The National Day for Truth and Reconciliation is an occasion for remembrance and also for understanding
✎ WAYNE K. SPEAR | SEPTEMBER 30, 2022 • Current Events
FATHER HUBERT O’CONNOR was principal of the St. Joseph’s Indian Residential School the year Phyllis Webstad was born. Six years later, in 1973, Phyllis arrived at the school wearing the new orange shirt she’d been given by her grandmother.
For decades Indian residential schools greeted their wards with a stock list of indignities: the children’s hair was cut, their clothing stripped away and replaced by a drab uniform, and numbers were assigned to serve henceforth in place of their names.
Phyllis’ new orange shirt was taken, and she never saw it again. At a May 2013 gathering of former St. Joseph’s students, her story became the inspiration for Orange Shirt Day. On May 28, 2021 a bill passed unanimously in the House of Commons, and shortly thereafter in the Senate, designating September 30 the National Day for Truth and Reconciliation.
September, the month of this national day of remembrance, is remembered by many Indigenous people as the time of year when those who got to spend summer at home returned to the institution. September is also remembered, with a degree of loathing, as the time when male children were sent into the schools’ fields to pick carrots and potatoes and to perform the many chores of harvest time.
But back to the future Bishop O’Connor. I began with him to underscore the fact that not so long ago predators abounded in the residential schools. At St. Joseph’s alone, dorm supervisor Edward Gerald Fitzgerald and Oblate priests Glenn Doughty and Harold McIntee were serial offenders.
In 1996 O’Connor was convicted of rape indecent assault. Doughty and McIntee served brief prison sentences for indecent assault, gross indecency, and buggery. An RCMP visit inspired Edward Gerald Fitzgerald to flee to Ireland in 2002, where local media reported him living in a “plush” Dublin suburb beyond the reach of Canadian authorities.
A good deal more of the St. Joseph’s Mission Residential School can be had from first-hand accounts — for example Bev Sellars’s memoir They Called Me Number One — as well as from research such as Elizabeth Furniss’s Victims of Benevolence: The Dark Legacy of the Williams Lake Indian Residential School and Margaret Whitehead’s 1981 study The Cariboo Mission: a history of the Oblates.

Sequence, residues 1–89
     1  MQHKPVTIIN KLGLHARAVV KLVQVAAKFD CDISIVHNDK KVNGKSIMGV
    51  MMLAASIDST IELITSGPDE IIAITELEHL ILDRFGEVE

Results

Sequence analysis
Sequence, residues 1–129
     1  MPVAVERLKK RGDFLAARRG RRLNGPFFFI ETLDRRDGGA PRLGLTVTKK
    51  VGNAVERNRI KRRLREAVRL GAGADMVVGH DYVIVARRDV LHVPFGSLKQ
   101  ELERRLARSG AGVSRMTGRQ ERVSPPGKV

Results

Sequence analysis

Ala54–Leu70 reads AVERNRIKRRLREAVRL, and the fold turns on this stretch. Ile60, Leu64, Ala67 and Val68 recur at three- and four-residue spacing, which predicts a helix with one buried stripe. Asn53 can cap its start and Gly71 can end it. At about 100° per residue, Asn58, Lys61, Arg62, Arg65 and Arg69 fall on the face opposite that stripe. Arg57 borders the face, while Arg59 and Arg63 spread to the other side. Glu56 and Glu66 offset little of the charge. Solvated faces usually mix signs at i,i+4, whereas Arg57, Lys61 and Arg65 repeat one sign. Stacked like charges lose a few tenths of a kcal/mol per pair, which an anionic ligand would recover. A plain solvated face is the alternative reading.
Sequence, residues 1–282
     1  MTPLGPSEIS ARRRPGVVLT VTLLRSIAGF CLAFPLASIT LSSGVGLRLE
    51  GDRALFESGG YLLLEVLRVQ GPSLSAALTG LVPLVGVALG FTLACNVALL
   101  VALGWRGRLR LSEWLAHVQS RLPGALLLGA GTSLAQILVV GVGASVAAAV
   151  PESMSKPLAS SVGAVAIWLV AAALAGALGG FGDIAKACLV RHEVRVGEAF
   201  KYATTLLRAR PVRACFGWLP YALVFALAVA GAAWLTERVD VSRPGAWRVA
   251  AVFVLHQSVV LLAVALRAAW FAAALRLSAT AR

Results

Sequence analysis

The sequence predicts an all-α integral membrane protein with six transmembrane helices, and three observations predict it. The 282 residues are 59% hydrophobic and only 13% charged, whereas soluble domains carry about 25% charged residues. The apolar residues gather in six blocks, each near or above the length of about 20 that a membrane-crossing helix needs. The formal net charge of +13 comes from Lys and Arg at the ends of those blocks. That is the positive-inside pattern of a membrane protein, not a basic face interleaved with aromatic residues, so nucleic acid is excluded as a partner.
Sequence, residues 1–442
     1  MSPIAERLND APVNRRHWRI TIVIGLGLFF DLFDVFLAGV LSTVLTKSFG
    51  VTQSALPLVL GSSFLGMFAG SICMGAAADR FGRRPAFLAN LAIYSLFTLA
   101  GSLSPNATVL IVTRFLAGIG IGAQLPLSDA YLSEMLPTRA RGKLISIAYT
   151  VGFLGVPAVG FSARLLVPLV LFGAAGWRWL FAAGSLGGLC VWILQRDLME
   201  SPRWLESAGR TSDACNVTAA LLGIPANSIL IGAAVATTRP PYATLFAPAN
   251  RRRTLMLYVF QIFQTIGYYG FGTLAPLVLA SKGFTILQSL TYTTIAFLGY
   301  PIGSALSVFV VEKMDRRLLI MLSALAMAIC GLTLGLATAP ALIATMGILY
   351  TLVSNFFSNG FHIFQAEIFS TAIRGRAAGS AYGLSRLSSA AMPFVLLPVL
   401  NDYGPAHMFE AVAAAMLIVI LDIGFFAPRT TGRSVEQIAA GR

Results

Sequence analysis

History, as the Final Report of the Royal Commission on Aboriginal Peoples says, “is not an attractive picture, and we do not wish to dwell on it.” But, as RCAP also acknowledges:
it is sometimes necessary to look back in order to move forward. The co-operative relationships that generally characterized the first contact between Aboriginal and non-Aboriginal people must be restored, and we believe that understanding just how, when and why things started to go wrong will help achieve this goal.
In other words, truth before reconciliation. We look back for one and forward to the other. The National Day for Truth and Reconciliation is an occasion for remembrance and also for understanding.
On this year’s National Day for Truth and Reconciliation, many Indigenous people will be thinking of the children who suffered loneliness and deprivation, and who in some cases never got to return home. It is a sombre day of reflection but also a day to acknowledge that Indigenous people survived a system designed to erase their languages and cultures.
Today there’s an abundance of articles, books and video concerning every facet of the Indian residential schools, much of it in the voices of those who were there. In my experience they are more than willing to tell their stories. The simple act of listening is where both truth and reconciliation begin.⌾